On 7th July Rahul Gandhi tweeted why the Prime Minister or the BJP led NDA government has not insisted on status quo ante in the Galwan Valley and not mentioned the nation’s territorial integrity over that part of India. Nothing of this is wrong. On the contrary it is right. In fact, he has been doing so on all key issues concerning the country.
More than an year later he stepped down as Congress president and during this period has consistently said that he no longer is party president, that the party has to elect a new leader and any suggestions that he back at the helm is met with a terse one-liner asking one to read his statement from May 2019.
The question to be asked now is: why is Rahul Gandhi tweeting like a bird in the prime of spring, happily, merrily and without a care in the world. In fact, he is the only person from where the main Opposition party is articulating its point that too in less than 280 characters. Twitter does not allow more than that even from a songbird.
There are several more questions which he needs to answer. What is he shooting for? And why? Has he recovered self-belief? And possibly why his tenure at the helm has been a terrific disaster? So, what’s he shooting for?
One needs to look at this from an entirely different angle. In a few months from now there will be elections in Bihar. None has written off the incumbent Nitish Kumar led government. In April-May 2021 elections would be held in Kerala, Tamil Nadu, West Bengal and Assam.
In February-March 2022 elections are scheduled in Goa, Punjab, Uttar Pradesh and Uttarakhand. Six months later the voters would choose in Himachal. In December Gujarat would vote. In 2023 eight more states would have elections. (Chattisgarh, Karnataka, Madhya Pradesh, Meghalaya, Nagaland, Rajasthan, Telangana and Tripura). And there would be general elections in 2024.
Two questions need to be posed now. Does Rahul Gandhi know the task ahead? Does the Congress and its central leadership including the all powerful Congress Working Committee (forget the plenary) have any clue about the near term in Bihar and the medium term in those four states?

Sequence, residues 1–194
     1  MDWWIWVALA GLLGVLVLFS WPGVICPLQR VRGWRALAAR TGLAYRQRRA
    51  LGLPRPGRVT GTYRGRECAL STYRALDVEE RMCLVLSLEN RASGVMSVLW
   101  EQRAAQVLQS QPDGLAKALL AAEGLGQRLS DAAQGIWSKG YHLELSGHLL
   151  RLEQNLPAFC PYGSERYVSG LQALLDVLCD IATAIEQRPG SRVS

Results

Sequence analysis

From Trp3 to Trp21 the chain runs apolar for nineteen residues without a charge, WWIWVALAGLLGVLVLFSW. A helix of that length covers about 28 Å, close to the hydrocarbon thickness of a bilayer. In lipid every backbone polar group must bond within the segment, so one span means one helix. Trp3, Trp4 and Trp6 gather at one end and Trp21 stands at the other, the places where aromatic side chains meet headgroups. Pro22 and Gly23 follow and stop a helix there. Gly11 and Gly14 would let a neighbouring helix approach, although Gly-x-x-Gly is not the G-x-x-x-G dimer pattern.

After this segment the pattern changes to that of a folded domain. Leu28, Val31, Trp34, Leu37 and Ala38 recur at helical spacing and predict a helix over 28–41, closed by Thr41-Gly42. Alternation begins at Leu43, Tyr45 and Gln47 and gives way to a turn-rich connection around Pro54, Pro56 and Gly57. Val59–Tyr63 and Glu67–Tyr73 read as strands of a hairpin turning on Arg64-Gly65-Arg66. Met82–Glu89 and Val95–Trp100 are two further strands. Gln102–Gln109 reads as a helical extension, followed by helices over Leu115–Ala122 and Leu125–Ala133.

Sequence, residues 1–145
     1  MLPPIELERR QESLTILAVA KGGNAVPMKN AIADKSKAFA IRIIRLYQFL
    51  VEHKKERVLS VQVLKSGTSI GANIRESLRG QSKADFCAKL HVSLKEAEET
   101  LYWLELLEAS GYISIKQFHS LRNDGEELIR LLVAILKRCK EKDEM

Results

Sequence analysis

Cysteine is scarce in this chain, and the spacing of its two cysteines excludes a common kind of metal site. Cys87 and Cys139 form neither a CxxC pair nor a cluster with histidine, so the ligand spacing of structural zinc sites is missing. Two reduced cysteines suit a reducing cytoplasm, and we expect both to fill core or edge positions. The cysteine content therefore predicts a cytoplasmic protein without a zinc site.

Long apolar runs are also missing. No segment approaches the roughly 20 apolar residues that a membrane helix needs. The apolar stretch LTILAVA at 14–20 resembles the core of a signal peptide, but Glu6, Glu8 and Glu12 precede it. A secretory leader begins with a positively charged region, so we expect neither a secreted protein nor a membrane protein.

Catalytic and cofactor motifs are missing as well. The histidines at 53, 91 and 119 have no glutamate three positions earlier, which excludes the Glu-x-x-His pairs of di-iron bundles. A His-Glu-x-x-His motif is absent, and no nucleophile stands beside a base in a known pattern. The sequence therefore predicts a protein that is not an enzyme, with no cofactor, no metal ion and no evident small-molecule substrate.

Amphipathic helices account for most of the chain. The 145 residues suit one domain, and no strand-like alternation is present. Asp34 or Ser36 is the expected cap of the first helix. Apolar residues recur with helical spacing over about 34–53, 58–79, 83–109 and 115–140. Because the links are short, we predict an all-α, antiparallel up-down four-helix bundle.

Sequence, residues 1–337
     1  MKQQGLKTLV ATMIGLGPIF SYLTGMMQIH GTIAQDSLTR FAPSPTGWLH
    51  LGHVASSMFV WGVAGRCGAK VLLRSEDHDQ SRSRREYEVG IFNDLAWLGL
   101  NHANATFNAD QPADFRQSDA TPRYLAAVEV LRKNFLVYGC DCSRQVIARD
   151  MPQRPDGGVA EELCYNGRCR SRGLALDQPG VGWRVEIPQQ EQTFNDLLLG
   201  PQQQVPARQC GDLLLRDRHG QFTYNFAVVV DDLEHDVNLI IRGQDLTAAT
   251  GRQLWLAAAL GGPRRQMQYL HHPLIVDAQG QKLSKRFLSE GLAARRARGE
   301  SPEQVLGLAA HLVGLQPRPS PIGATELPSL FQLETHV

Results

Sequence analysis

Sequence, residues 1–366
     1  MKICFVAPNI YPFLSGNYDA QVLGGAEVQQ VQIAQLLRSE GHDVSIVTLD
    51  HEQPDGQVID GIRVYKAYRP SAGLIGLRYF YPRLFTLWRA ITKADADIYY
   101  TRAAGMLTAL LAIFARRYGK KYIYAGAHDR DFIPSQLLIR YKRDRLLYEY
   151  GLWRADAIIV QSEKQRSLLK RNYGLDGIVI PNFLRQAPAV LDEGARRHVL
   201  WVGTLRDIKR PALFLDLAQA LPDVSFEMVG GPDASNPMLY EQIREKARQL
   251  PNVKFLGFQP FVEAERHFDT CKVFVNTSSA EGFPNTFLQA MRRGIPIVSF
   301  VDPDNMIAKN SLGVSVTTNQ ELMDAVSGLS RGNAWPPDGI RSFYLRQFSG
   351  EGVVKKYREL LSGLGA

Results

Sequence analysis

Its teenage political talk shows that the Congress is not on the field, so to speak, in Tamil Nadu and West Bengal. The reason is it is not aspiring for power, but only for presence. But they are the main Opposition in Assam and Kerala. In Assam the BJP boosted its vote share vis a vis the Congress that would put a B grade T20 match to shame. In Kerala the Congress is waiting for the Left Front government to make their mistakes. So, primarily, the Congress is not proactive in Kerala and possibly reactive in Assam.
Going back to Galwan it is for the media to take the meat from the 280 characters. Same is the case with the economy, J&K, demonetisation, GST, among several other issues. So the 280 words becomes the media’s responsibility because they have to play their part in a democracy.
The question has to go back to Rahul Gandhi’s performance. In the 2019 Lok Sabha elections he promised the NYAY scheme. We may forget what it is, but he has not even mentioned it to help it stay in public memory. The basics are lost on him and his acolytes. It takes more than a while for the public to digest a new scheme. A case in point in YS Rajashekara Reddy promised free power to agriculture in the 1999 elections. The Congress lost. In the next five years in the Opposition he kept repeating the same thing, plus others over time, to make free power the arrow head of the Congress campaign in united Andhra Pradesh, though it was much to discomfiture of their central leadership.